Our Moon

Radioactivity at an ancient volcano on Earth’s satellite raises questions. And how did a huge granite formation form underground?… more

The Artemis program for the Earth’s satellite is making progress – but more slowly than planned. When will people be able to research on the moon again?… more

A special protein helps bristle worms track the phases of the moon by changing its structure every night… more

Planetologists are researching the chronology of the early solar system: Did a flood of cosmic impacts suddenly occur four billion years ago – just when the first life on Earth was stirring?… more

Density anomalies in the Earth’s interior could be remnants of the celestial body that formed the Moon after its impact with the primordial Earth, simulations show… more

Moon dust can apparently be transformed into paving stones by focused light, which could be used to build roads and landing pads for the planned moon bases… more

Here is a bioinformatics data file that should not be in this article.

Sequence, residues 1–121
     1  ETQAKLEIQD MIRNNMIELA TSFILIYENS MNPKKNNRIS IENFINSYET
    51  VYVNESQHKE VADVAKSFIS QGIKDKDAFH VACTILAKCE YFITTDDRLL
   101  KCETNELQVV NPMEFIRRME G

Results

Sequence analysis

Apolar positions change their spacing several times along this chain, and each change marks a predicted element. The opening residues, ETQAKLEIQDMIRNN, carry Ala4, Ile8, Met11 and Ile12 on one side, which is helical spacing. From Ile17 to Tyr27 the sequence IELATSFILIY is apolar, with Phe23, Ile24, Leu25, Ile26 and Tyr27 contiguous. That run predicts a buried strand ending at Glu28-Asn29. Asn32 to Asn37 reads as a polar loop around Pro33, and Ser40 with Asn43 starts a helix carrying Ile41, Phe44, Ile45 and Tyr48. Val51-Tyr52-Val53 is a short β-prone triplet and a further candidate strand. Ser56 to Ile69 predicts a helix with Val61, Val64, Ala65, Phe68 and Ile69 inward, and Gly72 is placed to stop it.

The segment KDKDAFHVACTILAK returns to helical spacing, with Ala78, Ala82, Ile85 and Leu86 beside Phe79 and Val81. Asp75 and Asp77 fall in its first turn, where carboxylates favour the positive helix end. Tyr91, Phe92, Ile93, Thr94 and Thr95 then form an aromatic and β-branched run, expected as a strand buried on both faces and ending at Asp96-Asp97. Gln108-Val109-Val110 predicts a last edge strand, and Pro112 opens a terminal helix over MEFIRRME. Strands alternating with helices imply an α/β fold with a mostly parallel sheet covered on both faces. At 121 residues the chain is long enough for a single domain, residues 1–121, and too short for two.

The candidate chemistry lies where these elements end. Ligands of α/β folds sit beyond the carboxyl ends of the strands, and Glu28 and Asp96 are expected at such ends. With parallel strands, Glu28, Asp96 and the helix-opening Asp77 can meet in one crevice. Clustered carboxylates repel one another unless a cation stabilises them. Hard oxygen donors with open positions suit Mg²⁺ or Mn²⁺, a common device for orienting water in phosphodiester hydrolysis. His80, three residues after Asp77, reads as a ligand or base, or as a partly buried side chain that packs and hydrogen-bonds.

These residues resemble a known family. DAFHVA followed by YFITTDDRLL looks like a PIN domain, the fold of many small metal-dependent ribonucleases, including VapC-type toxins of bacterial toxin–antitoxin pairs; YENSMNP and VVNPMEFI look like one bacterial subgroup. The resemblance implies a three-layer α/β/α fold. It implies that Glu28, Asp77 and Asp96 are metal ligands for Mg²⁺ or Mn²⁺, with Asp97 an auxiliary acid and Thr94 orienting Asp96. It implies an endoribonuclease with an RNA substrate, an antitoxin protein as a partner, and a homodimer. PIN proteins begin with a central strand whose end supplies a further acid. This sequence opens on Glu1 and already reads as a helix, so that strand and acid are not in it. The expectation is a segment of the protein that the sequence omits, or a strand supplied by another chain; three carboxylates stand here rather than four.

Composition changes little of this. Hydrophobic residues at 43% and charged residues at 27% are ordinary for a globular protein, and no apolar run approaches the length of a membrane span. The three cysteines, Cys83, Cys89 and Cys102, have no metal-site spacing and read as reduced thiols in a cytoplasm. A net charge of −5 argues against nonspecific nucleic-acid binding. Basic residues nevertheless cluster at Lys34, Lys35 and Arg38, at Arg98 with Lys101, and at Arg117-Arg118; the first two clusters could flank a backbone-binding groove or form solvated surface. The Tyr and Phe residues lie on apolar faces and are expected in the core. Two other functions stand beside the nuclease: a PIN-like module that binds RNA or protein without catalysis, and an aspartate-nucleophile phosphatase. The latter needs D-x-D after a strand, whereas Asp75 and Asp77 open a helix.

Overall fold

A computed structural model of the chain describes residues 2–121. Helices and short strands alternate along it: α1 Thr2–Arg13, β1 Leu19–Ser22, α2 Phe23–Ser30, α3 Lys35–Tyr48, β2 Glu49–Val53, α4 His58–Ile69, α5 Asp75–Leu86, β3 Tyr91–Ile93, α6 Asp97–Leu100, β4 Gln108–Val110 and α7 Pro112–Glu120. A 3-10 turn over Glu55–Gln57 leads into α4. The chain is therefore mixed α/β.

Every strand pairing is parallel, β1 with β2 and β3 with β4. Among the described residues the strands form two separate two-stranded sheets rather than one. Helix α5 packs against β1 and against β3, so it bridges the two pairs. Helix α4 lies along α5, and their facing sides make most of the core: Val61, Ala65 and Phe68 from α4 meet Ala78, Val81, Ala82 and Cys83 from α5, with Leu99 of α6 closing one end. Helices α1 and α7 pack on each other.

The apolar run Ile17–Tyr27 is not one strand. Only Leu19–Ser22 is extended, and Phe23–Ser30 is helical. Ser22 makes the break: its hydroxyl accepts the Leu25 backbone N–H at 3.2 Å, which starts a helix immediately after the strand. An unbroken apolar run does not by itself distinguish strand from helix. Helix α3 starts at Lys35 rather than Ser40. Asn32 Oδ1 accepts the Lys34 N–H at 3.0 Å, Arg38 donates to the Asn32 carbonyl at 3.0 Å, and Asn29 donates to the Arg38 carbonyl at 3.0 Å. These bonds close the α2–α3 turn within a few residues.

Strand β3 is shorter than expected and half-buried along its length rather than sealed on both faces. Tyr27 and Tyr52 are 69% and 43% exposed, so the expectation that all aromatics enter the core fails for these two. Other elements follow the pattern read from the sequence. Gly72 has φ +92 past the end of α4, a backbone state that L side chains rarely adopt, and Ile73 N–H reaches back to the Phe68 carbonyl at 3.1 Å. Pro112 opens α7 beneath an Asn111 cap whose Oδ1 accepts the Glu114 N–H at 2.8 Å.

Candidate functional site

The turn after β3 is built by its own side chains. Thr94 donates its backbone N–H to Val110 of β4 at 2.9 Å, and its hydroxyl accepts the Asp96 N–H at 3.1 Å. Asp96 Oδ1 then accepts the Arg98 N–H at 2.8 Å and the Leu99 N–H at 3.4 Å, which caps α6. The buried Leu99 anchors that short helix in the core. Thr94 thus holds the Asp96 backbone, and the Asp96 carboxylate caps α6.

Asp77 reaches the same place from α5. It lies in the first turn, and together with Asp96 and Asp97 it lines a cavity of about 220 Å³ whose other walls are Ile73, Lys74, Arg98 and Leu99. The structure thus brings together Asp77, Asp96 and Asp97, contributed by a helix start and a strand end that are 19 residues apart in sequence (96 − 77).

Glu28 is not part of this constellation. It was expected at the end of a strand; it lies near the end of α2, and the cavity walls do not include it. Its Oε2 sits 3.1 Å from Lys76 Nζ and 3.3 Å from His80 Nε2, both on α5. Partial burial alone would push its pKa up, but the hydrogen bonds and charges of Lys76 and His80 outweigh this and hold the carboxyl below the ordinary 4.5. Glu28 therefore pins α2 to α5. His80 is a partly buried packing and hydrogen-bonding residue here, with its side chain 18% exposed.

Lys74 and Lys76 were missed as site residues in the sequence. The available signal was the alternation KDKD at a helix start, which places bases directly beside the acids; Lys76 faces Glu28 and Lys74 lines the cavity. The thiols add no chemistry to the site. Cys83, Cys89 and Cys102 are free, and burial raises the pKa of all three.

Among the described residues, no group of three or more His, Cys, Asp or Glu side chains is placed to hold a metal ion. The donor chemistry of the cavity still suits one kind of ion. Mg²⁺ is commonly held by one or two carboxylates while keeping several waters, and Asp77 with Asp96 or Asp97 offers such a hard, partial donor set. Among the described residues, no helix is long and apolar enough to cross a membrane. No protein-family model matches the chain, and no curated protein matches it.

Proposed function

Planets of distant stars are probably orbited by giant moons that far outshine all satellites in the solar system…. more

When the Earth’s satellite was young, storms in a hot atmosphere whipped across its molten surface…. more

Billions of years ago, a primordial planet crashed into the far side of our satellite. It broke through the crust and created the enormous South Pole-Aitken Basin…. more

In the early days of the Earth, a day passed much faster than today, and the moon orbited closer to our planet. Now, with the help of African sediments, this can be traced back to the distant past… more

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